County Attorney Bobbi Jo Alexis gave an overview of related legislative changes at the July 14 Rules Committee meeting. Among them is a new law providing the option for localities to collect a revenue share energy tax of up to $1,400 per megawatt of capacity installed per project annually; it would not apply to previously approved projects, though project owners could voluntarily pay the energy tax.
Recent changes in state law also permit localities to give tax exemptions on solar power equipment and the ability to negotiate siting agreements for solar projects with developers. Another change in state law allows counties to dispense with the finding that a project is in substantial compliance with a locality’s comprehensive plan, Alexis said: “I would advise you against that,” she told the committee last month.
Alexis noted the Commonwealth Energy Policy was “significantly changed” in the past session to include “a whole new breadth of purposes and goals and missions.” She advised board members to be aware of those changes and how it might alter the county solar policy.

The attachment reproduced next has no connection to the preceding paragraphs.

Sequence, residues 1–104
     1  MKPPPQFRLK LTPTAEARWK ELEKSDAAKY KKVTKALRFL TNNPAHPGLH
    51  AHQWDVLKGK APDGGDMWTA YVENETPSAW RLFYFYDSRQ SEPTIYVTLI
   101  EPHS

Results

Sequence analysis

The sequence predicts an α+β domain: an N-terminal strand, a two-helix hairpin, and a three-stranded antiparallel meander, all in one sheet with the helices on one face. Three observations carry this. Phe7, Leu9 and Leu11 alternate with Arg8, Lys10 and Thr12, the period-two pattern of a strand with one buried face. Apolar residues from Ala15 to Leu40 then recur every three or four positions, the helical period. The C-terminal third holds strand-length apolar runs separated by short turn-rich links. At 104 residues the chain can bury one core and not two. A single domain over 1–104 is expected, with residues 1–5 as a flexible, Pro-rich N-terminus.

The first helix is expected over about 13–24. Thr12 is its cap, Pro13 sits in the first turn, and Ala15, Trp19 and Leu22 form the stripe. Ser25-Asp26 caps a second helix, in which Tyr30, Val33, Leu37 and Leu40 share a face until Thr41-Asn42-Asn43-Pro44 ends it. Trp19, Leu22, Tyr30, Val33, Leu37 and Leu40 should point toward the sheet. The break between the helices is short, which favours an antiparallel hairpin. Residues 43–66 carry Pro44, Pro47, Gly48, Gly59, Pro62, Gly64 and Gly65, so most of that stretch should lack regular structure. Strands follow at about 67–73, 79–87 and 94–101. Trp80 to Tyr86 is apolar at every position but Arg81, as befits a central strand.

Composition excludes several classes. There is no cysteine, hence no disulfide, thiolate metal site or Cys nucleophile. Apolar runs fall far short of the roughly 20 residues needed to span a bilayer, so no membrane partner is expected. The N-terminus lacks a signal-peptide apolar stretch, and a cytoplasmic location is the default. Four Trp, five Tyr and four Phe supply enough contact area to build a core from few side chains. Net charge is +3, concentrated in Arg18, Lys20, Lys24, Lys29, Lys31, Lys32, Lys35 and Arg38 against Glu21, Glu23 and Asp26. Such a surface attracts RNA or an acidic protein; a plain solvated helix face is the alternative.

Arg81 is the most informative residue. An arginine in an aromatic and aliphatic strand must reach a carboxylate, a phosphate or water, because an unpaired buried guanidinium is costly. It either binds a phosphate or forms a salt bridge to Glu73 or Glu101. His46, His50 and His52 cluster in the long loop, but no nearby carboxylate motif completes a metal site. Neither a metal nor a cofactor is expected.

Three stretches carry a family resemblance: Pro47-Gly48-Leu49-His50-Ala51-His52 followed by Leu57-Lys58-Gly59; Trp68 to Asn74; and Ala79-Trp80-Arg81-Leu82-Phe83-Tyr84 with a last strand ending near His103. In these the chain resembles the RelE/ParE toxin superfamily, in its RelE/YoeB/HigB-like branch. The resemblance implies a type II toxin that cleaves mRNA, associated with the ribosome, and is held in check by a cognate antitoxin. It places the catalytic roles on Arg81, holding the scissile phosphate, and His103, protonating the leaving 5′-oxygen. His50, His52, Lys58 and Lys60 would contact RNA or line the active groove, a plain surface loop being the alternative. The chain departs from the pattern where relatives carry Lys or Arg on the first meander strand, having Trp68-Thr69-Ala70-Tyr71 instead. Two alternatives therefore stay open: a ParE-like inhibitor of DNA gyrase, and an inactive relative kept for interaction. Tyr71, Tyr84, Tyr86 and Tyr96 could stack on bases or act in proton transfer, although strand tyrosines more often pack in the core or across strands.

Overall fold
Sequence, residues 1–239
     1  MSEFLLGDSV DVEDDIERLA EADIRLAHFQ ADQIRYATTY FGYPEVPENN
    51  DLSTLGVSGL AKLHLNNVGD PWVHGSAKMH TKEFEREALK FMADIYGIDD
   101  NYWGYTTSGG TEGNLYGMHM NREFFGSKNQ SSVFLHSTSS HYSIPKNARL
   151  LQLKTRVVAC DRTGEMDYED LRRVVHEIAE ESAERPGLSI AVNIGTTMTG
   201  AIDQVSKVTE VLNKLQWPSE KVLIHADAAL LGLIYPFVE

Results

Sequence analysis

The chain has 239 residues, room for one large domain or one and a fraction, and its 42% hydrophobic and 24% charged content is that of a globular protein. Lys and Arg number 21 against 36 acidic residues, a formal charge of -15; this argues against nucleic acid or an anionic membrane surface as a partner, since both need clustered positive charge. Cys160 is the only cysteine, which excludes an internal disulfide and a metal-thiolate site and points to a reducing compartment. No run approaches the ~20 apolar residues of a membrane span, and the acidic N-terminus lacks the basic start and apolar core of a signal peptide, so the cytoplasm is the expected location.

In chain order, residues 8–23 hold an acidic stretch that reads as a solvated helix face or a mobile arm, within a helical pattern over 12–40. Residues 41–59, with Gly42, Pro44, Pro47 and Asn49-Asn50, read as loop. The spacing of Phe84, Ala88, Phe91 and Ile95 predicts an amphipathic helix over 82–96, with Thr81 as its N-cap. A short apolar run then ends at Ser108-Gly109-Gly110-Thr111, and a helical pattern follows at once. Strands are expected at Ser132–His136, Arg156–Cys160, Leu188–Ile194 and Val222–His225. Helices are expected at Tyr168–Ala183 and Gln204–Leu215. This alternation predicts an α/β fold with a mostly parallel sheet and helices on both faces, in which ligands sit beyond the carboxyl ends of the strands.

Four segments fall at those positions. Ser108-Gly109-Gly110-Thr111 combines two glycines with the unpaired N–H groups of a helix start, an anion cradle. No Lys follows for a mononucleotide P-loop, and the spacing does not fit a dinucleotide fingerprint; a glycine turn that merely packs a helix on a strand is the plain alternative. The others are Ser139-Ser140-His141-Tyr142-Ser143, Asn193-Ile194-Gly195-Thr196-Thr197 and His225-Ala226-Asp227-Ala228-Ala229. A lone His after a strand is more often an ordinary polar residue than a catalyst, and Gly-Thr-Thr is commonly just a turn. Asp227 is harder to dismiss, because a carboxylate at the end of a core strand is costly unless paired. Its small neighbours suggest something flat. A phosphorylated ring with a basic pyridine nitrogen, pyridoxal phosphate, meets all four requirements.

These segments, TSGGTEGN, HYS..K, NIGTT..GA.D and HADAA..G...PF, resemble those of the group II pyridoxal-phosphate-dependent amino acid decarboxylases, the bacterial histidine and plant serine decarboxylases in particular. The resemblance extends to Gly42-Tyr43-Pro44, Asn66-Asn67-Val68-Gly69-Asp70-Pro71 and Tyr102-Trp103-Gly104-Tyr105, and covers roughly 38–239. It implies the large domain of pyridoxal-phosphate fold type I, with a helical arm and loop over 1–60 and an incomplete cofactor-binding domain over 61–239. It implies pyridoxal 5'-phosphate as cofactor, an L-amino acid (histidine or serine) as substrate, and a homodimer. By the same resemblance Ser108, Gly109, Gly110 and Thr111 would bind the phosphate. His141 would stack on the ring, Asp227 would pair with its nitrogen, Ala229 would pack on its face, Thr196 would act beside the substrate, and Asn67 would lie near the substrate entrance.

A new section added to the Commonwealth Energy Policy states: “Climate change is an urgent and pressing challenge for Virginia. Swift de-carbonization and transition to clean energy are required to meet the urgency of this challenge.” The state policy newly states Virginia “will benefit from being a leader in deploying a low-carbon energy economy.” It calls for a 30 percent reduction in greenhouse gases in Virginia by 2030.
At the committee meeting, Rosenberger favored adopting the revenue share energy tax for future solar projects, saying, “I think you ought to recommend that to the board and move forward with changing the (local) policy.” He spoke against any tax breaks for equipment, saying it was not a good idea “to put money back into solar developer’s pockets.”
Culpeper solar project status updates
The county’s only approved conditional use permit for an industrial scale solar plant is a 100-megawatt project off of Blackjack Road, and it is set to expire in October. Formerly owned by Greenwood Energy of Texas, NextEra Energy of Florida is the current owner.
The Culpeper County Planning Commission has reviewed the project site plan once and will again at a meeting at 7 p.m. on Wednesday, August. 12.